For PepsiCo, the big bet is that Pepsi True will do a better job in the so-called mid-calorie space—not "low calorie" like diet sodas, but not full-calorie either, like the traditional flagships Pepsi and Coke—than the company's previous offering, Pepsi Next.Continue reading...
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Posted by Sheila Shayon on September 29, 2014 10:23 AM
Today is National Coffee Day in the US, an almost redundant moniker in a country that runs on java—and the perfect timing for Starbucks to launch its first global brand campaign, “Meet me at Starbucks.”
Centered around an interactive short documentary on its YouTube channel, the branding campaign shows what happens when coffee lovers turn off their phones and tablets and connect in real-time, offline and in-store.Continue reading...
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Posted by Mark J. Miller on September 25, 2014 06:31 PM
Pabst Blue Ribbon, the unofficial beer of hipsters across America, is throwing a party in hipster heaven: Portland, Oregon. As in the Portland that begat the hipsterrific TV show, Portlandia.
This weekend, PBR's marketing team is throwing its first-ever music festival, joining the parade of brands that have also fallen in love with the music festival circuit.
Project Pabst, as the three-day festival is called, couldn't be more ironic. It feature such acts as the British duo behind 80's phenom Tears for Fears, the reunited Constantines, Modest Mouse, Built to Spill and other acts that will cost a mere $35 for a one-day pass and $60 for two.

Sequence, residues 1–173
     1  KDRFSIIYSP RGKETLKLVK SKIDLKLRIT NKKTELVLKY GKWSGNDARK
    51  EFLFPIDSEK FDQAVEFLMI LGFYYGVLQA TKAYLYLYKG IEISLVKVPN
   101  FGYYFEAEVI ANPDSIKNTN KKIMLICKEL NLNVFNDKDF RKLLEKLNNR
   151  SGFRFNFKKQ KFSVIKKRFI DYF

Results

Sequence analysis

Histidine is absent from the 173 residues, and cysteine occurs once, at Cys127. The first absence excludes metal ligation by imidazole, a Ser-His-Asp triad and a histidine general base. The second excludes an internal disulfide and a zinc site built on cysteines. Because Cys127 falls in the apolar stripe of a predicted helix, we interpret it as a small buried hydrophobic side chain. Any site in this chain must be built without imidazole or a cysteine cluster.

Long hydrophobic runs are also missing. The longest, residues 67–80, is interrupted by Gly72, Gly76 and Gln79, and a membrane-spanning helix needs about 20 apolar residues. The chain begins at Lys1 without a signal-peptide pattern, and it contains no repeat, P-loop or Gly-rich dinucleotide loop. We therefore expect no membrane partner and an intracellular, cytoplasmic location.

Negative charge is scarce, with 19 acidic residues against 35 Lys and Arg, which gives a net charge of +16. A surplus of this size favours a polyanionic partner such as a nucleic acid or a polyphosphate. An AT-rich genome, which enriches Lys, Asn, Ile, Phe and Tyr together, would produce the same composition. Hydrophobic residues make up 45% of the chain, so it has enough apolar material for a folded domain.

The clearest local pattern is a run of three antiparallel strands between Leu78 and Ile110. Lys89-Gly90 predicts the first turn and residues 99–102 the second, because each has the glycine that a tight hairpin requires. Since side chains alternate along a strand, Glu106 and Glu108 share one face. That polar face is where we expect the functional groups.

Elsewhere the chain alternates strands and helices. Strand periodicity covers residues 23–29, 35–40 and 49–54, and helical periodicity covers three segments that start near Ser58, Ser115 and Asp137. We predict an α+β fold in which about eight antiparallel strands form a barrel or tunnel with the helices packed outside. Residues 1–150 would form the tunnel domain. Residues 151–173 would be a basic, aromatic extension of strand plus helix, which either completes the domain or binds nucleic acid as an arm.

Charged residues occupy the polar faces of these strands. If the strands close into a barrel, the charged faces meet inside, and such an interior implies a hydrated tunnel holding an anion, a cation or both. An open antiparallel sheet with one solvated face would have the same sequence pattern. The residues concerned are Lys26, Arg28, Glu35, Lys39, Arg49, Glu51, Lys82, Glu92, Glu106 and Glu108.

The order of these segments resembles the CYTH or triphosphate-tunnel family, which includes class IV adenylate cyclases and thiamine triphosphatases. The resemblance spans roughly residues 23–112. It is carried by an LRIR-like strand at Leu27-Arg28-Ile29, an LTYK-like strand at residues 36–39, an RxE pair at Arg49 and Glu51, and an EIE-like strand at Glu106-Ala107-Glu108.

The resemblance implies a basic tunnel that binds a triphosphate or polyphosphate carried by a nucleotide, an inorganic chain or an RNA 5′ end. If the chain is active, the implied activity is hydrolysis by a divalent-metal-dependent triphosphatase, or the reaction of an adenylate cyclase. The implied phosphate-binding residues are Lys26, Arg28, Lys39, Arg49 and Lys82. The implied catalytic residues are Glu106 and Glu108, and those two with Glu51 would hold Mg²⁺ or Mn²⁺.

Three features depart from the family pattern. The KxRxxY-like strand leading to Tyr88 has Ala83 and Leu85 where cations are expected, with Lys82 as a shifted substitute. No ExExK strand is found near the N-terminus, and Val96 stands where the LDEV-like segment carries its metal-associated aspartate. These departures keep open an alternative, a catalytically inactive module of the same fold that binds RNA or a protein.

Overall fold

The whole event is a thank you to the Milwaukee-based brand’s top market. "We were trying to think of something we could do for Portland," Matt Slessler, Pabst's Pacific field marketing manager, told the Oregonian. "We refer to it as our love letter to Portland. That's really what it is, the city has just been so good to us."Continue reading...
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Posted by Dale Buss on September 24, 2014 05:13 PM
Soda marketers have been fighting gradual declines in US soft drink consumption for several years now. But with the imprimatur of the Clinton Global Initiative, which is meeting this week in New York in tandem with the UN General Assembly, the big three soda-makers behind the American Beverage Association (ABA) have decided to wrap a calorie-reduction PR campaign and associated pledges around this seemingly inexorable trend.
Under the auspices of the organization founded by former President Bill Clinton, Coca-Cola, PepsiCo and Dr Pepper Snapple Group this week pledged to reduce beverage calories consumed per person by 20 percent nationally by 2025. Such calorie consumption already has dropped by about 12.4 percent between 2000 and last year, and 23 percent for carbonated drinks alone, estimated Beverage Digest.